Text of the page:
As severe COVID-19 case rates fall and the nation moves towards a "new normal," the same cannot be said for America's maternal mortality crisis.
In a recent report, CDC found that the U.S. maternal death rate continues to climb--jumping 14% from 2019 to 2020. Pregnancy-related mortality has long been a sore subject for the U.S. healthcare system. Not only do we have the highest maternal mortality rate among developed countries, but non-Hispanic Black mothers die at three times the rate of non-Hispanic white or Hispanic mothers.
While pregnancy and labor carry their own risks, the majority of pregnancy-related deaths occur after delivery, known as the "postpartum" period. The CDC has pointed to high quality postpartum care as key to lowering maternal death rates. However, obtaining quality care during this period can be challenging, especially when our health insurance system often leaves vulnerable mothers uninsured right when they need care the most.
Medicaid pays for almost half of all pregnancies in the U.S. Current federal legislation requires Medicaid to cover pregnant patients with incomes less than 138% of the Federal Poverty Level (an average of only $18,754 in income per year) through their pregnancy and 60 days after delivery. After those 60 days, many new mothers (especially in states that did not expand Medicaid under the Affordable Care Act) become uninsured.
The 2021 American Rescue Plan Act created a temporary option for states to expand Medicaid coverage to mothers for 12 months after childbirth. Several states have already implemented this extension--but many others have not. The current Build Back Better Act, if passed, would require all states to permanently cover the full 12 month postpartum period in their Medicaid programs.
As frontline doctors treating high numbers of underserved patients, we are far too familiar with mothers falling through the cracks in our nation's health system. While we consider caring for new mothers and their families a privilege of our profession, all too often we see our patients struggling to find timely care or afford their medications, or delaying care due to insurance limitations.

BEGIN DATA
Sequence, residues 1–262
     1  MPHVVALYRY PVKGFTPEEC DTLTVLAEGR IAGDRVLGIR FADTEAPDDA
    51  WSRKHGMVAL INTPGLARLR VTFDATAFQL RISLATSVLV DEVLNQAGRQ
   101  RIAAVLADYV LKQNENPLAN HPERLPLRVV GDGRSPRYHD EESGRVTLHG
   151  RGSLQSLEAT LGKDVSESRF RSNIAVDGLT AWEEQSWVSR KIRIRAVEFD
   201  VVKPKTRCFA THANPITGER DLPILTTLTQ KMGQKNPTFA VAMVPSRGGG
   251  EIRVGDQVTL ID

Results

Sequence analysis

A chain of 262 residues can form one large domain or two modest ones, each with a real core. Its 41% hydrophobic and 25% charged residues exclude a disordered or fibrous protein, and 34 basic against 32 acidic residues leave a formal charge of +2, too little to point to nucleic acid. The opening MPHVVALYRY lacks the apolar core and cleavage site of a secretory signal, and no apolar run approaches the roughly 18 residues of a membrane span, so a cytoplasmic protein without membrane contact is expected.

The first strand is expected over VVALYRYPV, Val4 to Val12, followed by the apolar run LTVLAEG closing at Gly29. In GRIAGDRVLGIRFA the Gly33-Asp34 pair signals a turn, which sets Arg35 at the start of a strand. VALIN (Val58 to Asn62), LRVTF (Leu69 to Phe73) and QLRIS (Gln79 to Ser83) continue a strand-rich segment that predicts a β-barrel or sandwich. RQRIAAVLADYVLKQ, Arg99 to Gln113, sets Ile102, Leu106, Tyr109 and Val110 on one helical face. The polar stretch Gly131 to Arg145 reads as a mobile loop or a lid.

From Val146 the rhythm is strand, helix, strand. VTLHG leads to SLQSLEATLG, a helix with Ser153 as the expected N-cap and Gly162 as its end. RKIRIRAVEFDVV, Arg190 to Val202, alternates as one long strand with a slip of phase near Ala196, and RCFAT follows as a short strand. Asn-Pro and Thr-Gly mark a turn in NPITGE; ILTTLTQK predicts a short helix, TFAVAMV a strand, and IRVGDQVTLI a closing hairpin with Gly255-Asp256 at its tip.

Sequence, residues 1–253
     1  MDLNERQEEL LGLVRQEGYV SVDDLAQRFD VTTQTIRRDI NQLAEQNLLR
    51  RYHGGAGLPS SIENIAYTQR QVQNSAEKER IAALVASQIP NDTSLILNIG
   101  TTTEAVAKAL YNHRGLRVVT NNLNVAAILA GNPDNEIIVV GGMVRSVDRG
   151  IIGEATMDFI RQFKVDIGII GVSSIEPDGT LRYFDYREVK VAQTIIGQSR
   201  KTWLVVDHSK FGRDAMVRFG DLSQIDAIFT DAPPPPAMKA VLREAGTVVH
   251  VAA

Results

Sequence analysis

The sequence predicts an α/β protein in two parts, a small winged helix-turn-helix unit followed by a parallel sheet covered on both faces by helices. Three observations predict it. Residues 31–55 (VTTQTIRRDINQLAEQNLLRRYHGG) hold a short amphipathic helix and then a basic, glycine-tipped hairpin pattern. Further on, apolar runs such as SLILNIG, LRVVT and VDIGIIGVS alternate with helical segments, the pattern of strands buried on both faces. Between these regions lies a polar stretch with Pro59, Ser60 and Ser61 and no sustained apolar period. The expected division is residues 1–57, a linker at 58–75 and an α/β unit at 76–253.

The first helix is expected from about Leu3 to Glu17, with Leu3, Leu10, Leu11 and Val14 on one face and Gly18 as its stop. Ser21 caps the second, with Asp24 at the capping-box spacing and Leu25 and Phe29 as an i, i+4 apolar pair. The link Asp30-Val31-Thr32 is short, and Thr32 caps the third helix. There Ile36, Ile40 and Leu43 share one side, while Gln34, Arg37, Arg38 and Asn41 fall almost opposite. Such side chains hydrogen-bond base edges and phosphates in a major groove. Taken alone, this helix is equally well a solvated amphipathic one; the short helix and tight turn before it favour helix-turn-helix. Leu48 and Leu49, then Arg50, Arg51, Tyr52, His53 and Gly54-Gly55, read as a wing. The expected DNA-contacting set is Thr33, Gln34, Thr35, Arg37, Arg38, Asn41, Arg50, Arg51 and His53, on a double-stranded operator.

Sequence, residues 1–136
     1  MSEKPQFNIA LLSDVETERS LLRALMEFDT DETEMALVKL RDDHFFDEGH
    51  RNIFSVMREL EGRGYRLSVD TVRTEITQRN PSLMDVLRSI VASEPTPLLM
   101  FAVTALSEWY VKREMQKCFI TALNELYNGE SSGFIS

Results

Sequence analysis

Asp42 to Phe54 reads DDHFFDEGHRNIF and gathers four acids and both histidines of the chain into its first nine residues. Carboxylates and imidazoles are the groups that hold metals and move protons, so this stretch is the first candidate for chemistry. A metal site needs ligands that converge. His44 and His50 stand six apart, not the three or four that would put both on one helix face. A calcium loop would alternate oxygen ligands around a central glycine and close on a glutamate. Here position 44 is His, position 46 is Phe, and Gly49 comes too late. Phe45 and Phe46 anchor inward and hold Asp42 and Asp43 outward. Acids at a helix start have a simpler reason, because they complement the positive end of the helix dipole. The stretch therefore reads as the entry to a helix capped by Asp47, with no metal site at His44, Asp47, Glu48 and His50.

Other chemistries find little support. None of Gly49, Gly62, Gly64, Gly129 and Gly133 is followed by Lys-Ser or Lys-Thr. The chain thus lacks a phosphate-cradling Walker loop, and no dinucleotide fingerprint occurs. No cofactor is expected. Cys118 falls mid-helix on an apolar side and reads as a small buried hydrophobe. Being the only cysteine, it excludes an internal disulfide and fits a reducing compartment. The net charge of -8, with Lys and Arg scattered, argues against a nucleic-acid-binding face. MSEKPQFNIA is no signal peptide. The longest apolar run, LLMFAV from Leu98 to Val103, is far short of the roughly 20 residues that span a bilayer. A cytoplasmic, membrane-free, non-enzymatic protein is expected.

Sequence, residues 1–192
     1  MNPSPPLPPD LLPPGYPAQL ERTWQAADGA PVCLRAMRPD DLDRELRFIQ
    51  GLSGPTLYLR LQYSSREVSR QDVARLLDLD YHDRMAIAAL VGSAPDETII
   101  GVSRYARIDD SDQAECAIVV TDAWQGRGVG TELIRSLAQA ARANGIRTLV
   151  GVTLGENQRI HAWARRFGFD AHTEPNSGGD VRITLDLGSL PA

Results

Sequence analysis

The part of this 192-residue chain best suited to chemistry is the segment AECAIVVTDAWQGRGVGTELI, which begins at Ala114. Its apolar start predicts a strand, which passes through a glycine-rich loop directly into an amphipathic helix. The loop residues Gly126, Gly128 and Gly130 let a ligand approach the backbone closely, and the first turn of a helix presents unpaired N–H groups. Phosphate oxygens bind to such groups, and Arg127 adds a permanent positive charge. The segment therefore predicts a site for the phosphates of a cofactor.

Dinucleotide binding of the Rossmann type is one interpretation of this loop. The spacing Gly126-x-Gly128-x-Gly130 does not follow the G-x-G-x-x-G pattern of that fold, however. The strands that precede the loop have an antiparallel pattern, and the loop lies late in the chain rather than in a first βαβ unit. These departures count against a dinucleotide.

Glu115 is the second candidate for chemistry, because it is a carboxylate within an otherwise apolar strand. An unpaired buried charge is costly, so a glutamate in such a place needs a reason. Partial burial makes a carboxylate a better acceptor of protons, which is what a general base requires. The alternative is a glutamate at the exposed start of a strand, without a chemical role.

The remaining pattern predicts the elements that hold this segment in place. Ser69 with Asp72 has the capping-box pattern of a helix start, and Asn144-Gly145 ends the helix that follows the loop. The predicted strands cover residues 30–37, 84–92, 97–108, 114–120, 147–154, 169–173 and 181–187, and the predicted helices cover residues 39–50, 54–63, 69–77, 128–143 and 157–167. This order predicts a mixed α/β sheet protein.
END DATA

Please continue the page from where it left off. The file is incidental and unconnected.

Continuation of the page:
Having witnessed these barriers firsthand, we strongly support the permanent extension of Medicaid to 12 months postpartum. Specifically, we believe that extending postpartum Medicaid would lead to three positive outcomes.
First, postpartum Medicaid extension would improve the long-term health of U.S. mothers. The physical effects of pregnancy and the increased contact with healthcare providers during prenatal care often leads to the discovery of chronic medical conditions among women, such as high blood pressure, diabetes, heart disease, clotting disorders, and depression that require treatment and monitoring after delivery. Moreover, mothers who suffered from severe COVID-19 disease during pregnancy can have long-term complications. Supporting a mother through the entire year-long postpartum period is essential strategy to improve mothers' overall health.
Extending Medicaid coverage after childbirth would also begin to address our country's flagrant health inequities. Black, indigenous, and Spanish-speaking patients have the highest uninsured rates after delivery. This results in coverage gaps for essential health services, such as access to preventive care, contraception, mental health services, and management of chronic health conditions. Increasing healthcare access for postpartum mothers represents a crucial strategy to address these systemic health disparities.
Lastly, the impact of pregnancy on mental health cannot be overstated. One in 10 postpartum patients meet the criteria for major depression. In one study, 46% of postpartum depression cases occurred more than 2 months after birth, a period that would not be covered without an extension of postpartum Medicaid. Recent studies found that the COVID-19 pandemic increased rates of maternal depression and anxiety, leading to negative effects on mother-infant bonding. With Medicaid being the single largest payer for mental health services in the U.S., extending Medicaid postpartum coverage to 12 months would provide a critical path to treatment for these mothers.
We are physicians because we believe in caring for people regardless of their insurance status, but our nation's current insurance structure forces many mothers to forgo needed care--and pay with their lives. This does not need to be the case. Access to healthcare after childbirth not only improves the health outcomes of mothers, but also, the health of their infants and families. While policymakers continue to debate the President's health priorities, Congress and the administration should stand by the postpartum Medicaid extension to protect the lives of our nation's most vulnerable mothers and their families.